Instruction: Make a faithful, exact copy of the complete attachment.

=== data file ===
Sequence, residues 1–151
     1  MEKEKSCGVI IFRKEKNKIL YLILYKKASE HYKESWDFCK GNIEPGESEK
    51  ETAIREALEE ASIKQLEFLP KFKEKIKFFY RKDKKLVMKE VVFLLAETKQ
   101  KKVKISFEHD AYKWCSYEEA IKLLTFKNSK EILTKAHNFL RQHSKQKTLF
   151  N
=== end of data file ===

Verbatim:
Sequence, residues 1–151
     1  MEKEKSCGVI IFRKEKNKIL YLILYKKASE HYKESWDFCK GNIEPGESEK
    51  ETAIREALEE ASIKQLEFLP KFKEKIKFFY RKDKKLVMKE VVFLLAETKQ
   101  KKVKISFEHD AYKWCSYEEA IKLLTFKNSK EILTKAHNFL RQHSKQKTLF
   151  N